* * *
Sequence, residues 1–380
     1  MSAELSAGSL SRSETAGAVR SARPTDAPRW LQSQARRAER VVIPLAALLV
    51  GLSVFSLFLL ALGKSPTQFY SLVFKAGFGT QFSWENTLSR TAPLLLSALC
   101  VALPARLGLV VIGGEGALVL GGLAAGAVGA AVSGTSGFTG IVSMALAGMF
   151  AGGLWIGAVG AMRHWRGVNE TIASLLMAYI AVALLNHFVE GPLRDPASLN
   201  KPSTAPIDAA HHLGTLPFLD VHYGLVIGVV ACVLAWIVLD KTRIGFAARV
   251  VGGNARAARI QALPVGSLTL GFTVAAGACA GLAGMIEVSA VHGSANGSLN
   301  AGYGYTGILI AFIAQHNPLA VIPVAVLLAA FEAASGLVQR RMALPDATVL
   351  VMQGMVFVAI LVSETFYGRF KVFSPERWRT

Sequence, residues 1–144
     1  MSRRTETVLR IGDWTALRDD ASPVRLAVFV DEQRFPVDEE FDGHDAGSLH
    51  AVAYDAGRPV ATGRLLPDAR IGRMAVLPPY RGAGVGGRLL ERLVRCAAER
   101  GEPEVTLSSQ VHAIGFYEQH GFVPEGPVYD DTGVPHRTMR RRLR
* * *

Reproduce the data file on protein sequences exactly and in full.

Sequence, residues 1–380
     1  MSAELSAGSL SRSETAGAVR SARPTDAPRW LQSQARRAER VVIPLAALLV
    51  GLSVFSLFLL ALGKSPTQFY SLVFKAGFGT QFSWENTLSR TAPLLLSALC
   101  VALPARLGLV VIGGEGALVL GGLAAGAVGA AVSGTSGFTG IVSMALAGMF
   151  AGGLWIGAVG AMRHWRGVNE TIASLLMAYI AVALLNHFVE GPLRDPASLN
   201  KPSTAPIDAA HHLGTLPFLD VHYGLVIGVV ACVLAWIVLD KTRIGFAARV
   251  VGGNARAARI QALPVGSLTL GFTVAAGACA GLAGMIEVSA VHGSANGSLN
   301  AGYGYTGILI AFIAQHNPLA VIPVAVLLAA FEAASGLVQR RMALPDATVL
   351  VMQGMVFVAI LVSETFYGRF KVFSPERWRT

Sequence, residues 1–144
     1  MSRRTETVLR IGDWTALRDD ASPVRLAVFV DEQRFPVDEE FDGHDAGSLH
    51  AVAYDAGRPV ATGRLLPDAR IGRMAVLPPY RGAGVGGRLL ERLVRCAAER
   101  GEPEVTLSSQ VHAIGFYEQH GFVPEGPVYD DTGVPHRTMR RRLR